The article goes on to state "Consider the Treasury’s small universe of HAMP participants. Treasury balks at releasing the raw data behind its program, but the interest rates and monthly payments detailed in the congressional report make it easy to determine that the average HAMP borrower likely owed about $220,000 on his mortgage before and finds himself with a house worth about $180,000 today. Suppose, in an ordinary process of healthy write-downs, lenders reduced that average loan to today’s value and lenders of any second mortgages or home-equity loans—which are supposed to offer less protection—lost all of their money (as they should, but don’t, under HAMP). In that case, the borrowers’ median monthly payment would be less than $1,200, even at the original 6.85 percent interest rate. And at the record-low 5 percent rates that qualified borrowers can secure today—something that the government could more reasonably support than the 2 percent rates—payments would fall below $1,000.  The White House, instead of letting the market bring prices down to where they should be, is kicking the problem five years down the road. It hopes that five years from now, home prices will have risen so much that borrowers will no longer be underwater. Borrowers would then be able to sell their homes at prices higher than their mortgage balances, getting out of their still-unaffordable original mortgages without huge losses for lenders. Washington is trying to prearrange this outcome through other programs, such as its $8,000 tax credit for first-time homebuyers—another attempt to keep home prices artificially high with taxpayer money. But this policy isn’t good for the economy. Overvalued houses force people to continue borrowing too much and keep their financial resources from going into savings or investments—that is, into more productive, job-creating industries. Using borrowed federal money to further this goal also takes funding away from infrastructure and other public investments that a healthy economy needs.  Nor is this policy good for the homeowners whom Treasury is purporting to help—those who can’t afford their mortgages. If housing prices aren’t substantially higher in five years even after the government’s best efforts at distortion, the Treasury program will only have discouraged people from cutting their losses and moving on with their lives.  HAMP’s beneficiaries could better adjust to reality without this government intervention. Borrowers are generally free to walk away from their houses without declaring bankruptcy. Under the contracts that mortgage lenders and servicers drew up as well as precedent, mortgage debt is understood to be backed by the value of the house, not by a borrower’s full pledge to pay the debt with his personal resources. (In fact, that’s why mortgage interest rates have historically been lower than credit-card rates: lenders know that a valuable physical asset secures the home, not a person’s ability and willingness to pay his debt.) A borrower who can’t afford his house under normal conditions may have to leave the property and start renting instead, but that’s hardly sufficient reason for the government to sink tens of billions of dollars into maintaining an irrational environment of high prices—one in which it makes perverse sense to keep mindlessly buying houses.  Instead, the White House should help the economy adjust to lower home prices and force lenders and borrowers to recognize their losses—both key elements to a recovery. Treasury should say that it won’t subsidize mortgage administrators that offer temporary interest-rate cuts; it should use any subsidy to encourage lenders to forgive principal. Someone who couldn’t afford a mortgage based on his home’s current value—or less, if the mortgage administrator thinks fit—would have to move. All of these steps would make far more sense than Washington’s current policy: becoming the biggest predatory lender of them all, and eating the economy alive."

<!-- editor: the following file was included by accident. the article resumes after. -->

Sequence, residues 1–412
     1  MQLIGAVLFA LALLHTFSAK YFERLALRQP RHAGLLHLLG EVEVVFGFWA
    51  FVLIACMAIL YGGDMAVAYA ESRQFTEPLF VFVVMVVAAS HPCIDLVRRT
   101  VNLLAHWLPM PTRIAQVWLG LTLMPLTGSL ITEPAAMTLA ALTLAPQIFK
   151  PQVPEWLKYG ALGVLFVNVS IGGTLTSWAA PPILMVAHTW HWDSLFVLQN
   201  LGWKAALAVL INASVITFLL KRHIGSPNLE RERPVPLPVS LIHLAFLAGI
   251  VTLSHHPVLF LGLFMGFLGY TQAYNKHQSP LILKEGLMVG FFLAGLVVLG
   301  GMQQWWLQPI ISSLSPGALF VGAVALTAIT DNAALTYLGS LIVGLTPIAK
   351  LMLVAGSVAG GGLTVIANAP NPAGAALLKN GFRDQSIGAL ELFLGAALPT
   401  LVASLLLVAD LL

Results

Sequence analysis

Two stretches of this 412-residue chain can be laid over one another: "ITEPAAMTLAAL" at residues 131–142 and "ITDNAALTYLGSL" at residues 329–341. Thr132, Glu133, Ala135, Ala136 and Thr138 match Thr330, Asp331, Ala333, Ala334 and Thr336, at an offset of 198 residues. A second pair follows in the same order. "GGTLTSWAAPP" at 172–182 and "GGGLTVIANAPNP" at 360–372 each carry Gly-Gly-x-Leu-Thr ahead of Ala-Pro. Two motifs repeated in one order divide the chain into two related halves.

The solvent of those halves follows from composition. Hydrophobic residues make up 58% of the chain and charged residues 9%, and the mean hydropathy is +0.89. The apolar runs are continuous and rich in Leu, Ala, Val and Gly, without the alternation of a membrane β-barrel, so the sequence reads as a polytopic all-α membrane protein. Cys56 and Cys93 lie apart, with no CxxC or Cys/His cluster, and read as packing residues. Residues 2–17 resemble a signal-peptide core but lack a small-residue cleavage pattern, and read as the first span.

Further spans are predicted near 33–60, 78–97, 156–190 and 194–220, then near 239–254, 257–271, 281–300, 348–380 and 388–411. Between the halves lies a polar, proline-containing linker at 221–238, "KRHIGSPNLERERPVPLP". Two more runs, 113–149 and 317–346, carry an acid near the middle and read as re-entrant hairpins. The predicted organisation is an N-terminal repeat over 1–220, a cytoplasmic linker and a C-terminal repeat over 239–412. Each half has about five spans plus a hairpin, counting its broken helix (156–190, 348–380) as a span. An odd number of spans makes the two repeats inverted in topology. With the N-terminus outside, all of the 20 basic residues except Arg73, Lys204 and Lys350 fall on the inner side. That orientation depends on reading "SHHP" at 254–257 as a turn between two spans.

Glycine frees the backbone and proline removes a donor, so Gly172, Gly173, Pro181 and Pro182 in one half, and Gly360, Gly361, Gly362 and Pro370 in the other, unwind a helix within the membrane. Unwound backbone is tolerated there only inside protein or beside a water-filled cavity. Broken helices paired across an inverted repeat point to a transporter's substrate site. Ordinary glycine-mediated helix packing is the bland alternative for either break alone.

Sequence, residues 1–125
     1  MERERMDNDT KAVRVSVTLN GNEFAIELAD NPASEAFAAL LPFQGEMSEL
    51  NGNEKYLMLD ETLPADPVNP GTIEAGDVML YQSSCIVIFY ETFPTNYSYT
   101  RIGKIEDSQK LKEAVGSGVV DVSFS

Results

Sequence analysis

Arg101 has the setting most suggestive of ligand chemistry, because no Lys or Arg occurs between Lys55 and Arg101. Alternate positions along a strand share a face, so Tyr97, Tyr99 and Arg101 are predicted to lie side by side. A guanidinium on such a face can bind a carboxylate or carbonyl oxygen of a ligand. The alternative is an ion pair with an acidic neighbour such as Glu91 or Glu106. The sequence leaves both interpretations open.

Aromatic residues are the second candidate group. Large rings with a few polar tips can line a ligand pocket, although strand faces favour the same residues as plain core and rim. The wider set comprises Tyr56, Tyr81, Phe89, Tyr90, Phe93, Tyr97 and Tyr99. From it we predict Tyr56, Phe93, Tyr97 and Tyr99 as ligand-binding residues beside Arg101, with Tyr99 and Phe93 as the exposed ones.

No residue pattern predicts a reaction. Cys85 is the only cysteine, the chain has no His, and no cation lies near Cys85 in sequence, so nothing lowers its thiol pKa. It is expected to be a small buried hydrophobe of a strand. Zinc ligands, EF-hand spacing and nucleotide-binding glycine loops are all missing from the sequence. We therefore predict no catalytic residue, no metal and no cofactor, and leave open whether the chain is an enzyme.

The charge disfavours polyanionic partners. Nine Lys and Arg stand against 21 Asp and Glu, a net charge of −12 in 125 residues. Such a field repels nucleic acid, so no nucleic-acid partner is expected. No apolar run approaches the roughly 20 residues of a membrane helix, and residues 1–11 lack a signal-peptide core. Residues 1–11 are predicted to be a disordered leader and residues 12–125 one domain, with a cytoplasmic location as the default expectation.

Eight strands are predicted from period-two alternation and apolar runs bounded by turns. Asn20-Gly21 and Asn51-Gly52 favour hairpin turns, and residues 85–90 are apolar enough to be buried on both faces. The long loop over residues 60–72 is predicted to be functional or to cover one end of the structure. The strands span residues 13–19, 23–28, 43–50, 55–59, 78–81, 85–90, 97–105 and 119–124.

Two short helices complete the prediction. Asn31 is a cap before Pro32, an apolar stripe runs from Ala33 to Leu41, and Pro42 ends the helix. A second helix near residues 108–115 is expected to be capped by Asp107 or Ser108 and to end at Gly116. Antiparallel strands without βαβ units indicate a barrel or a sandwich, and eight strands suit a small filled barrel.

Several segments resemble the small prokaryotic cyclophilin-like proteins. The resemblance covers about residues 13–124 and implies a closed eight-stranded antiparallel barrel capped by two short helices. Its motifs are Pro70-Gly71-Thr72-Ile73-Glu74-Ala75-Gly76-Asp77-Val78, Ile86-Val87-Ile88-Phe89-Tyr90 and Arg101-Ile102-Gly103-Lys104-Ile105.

I normally would not quote so much of an article, but the author, Nicole Gelinas, hit all the points so well that I did not want to mess with such a well written and reasoned piece of journalism. The conclusion of all of this information is that you cannot buy into any of the home sale figures offered by the US government showing a "real estate recovery" because they are all based on temporary housing programs and incentives, which will only serve to delay (not prevent) the inevitable: more foreclosures and short sales resulting in lower home prices in the future.